For time unknown every individual has held this firm belief that fixed deposit is way better than other investment options in the absence of deeper knowledge about other investment instruments. Hence, it has remained a conventional investment choice of most prospective investors in the country. Moreover, most of them believe that both fixed deposit and investment instruments like debt funds are almost similar to each other or that a fixed deposit is a lot better than a debt fund. Although the two might look the same from a distance, when delved deeper it appears that debt fund and fixed deposit are completely different from each other based on various aspects. But before understanding the difference and learning about how a debt fund is better than a fixed deposit, it is important to know what exactly is a debt fund and a fixed deposit.
What is a debt fund?
A debt fund is a type of mutual fund that collects a pool of funds from different investors and compiles it together to invest it in different types of instruments, which includes Treasury Bills, Money Market instruments Government and Corporate Bonds and more. The mutual debt fund is quite safer than equity mutual funds as the volatility rate is quite low and hence is appropriate for investments of a shorter duration.
What is a fixed deposit?
In a fixed deposit, an investor needs to invest a certain amount of money for a fixed period of time against a fixed rate of interest. Where the interest rate compounds annually and after the maturity of the amount, the investor gets a lumpsum amount. A fixed deposit is a kind of investment that is free from market-related volatility. Hence no amount of risk is involved when investing in a fixed deposit.
Reasons for debt funds being better than fixed deposit
In our country, a fixed deposit has always been considered better than any other kind of investment options. But, there are manifold reasons that make debt fund a more lucrative investment option. Keep reading below to know how they are better than fixed deposits.
Debt funds are quite easy to liquidate. They can be easily redeemed, where there are no restrictions on the upper limit and it can be claimed at any time irrespective of the date of maturity. Although it might be subject to exit load charges, it will only be levied on the amount redeemed and the rest of the invested amount will not get affected.
However, in the case of a fixed deposit, the investor is not allowed to withdraw the invested amount until the tenure ends. You may opt for a premature withdrawal of the amount, but for that, you need to pay a penalty charge on the entire amount even if you want a partial withdrawal.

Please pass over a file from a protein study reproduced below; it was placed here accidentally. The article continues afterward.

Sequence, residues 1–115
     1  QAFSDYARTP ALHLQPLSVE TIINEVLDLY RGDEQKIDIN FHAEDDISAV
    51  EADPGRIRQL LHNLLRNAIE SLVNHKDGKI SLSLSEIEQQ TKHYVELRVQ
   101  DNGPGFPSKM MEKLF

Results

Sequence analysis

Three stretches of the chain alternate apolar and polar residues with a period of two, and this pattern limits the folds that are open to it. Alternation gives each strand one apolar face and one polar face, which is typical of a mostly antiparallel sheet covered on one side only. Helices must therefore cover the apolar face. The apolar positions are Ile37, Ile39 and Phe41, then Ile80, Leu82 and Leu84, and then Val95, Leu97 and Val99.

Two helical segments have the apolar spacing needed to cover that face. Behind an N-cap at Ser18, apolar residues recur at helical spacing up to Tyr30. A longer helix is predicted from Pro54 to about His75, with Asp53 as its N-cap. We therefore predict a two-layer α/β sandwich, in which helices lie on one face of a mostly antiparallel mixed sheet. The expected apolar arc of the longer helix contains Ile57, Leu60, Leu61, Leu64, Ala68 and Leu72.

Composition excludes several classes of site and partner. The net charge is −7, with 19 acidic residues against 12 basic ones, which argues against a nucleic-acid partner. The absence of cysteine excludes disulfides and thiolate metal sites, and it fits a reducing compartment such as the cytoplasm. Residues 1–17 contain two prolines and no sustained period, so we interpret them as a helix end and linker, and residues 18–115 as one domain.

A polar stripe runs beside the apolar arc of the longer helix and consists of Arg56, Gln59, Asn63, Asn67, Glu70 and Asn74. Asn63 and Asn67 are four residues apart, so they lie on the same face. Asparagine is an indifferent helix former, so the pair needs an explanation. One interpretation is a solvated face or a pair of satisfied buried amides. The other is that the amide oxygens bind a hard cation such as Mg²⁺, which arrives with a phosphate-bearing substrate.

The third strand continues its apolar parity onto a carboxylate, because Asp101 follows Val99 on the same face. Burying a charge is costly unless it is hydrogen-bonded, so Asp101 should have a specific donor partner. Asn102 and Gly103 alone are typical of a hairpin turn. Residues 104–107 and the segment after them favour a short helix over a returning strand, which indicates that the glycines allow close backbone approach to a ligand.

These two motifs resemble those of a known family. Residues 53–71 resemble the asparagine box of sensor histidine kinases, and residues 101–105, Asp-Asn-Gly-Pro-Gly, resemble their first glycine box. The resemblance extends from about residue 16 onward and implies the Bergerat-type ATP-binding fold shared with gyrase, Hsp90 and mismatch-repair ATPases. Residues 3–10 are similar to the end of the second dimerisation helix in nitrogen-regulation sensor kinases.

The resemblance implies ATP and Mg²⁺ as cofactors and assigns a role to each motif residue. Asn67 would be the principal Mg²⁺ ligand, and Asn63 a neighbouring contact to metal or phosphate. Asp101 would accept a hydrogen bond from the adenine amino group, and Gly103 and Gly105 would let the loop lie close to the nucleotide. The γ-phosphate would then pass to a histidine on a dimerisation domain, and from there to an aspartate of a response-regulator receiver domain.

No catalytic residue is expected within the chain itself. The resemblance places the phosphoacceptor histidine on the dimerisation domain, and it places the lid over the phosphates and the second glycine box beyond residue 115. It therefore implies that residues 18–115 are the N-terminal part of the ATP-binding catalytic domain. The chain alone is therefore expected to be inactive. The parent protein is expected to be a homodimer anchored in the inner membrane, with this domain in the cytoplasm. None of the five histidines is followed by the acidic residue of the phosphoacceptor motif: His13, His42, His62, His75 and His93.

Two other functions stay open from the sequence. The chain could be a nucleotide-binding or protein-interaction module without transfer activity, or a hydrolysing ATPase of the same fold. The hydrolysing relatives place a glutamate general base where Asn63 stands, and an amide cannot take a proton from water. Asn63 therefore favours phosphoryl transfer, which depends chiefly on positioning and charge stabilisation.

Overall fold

Debt funds are not liable for taxation. Taxes are only implied when you opt to redeem a part of the amount. Thus the entire amount remains taxless under the debt fund. But after three years, the investor becomes accountable for taxes which is around 20%. But, since indexation benefits are levied on debt mutual funds, the payable tax becomes significantly less.
In the case of fixed deposits, the amount is liable for taxation if the interest component exceeds Rs. 10 thousand annually. Moreover, if the PAN stays up to date with the financial institution, the interest is 10% and if not, then it is 20%. The tax rate of FD is no different from the tax bracket.
The returns of debt funds are significantly higher. Investments made on certain specific instruments such as Government bonds have given a return of 10.08% in a span of just three years. This cannot be matched with the returns received on fixed deposits.
The fixed deposit interest rate is quite low when compared with the returns on debt funds. The maximum returns you can get on your sum range from 5% to 7.25% and with a minimum lock-in period of more than three years. Moreover, the interest rate on fixed deposits is gradually going down due to the present economic scenario.
One can invest in a debt fund either via a third party or directly through Asset Management Companies (AMCs) seamlessly.
In the case of a fixed deposit, an investor can only invest his lumpsum amount either in a non-banking financial institution (NBFC) or a bank.
A fixed deposit has remained the common choice among Indians since time immemorial due to its assured returns. But times have changed and there are now better investment options available in the market such as debt funds. Debt funds are less volatile than equity funds, but it also gives a significantly higher return than a fixed deposit. It is time for investors to make a change and dive into the niche of debt mutual funds.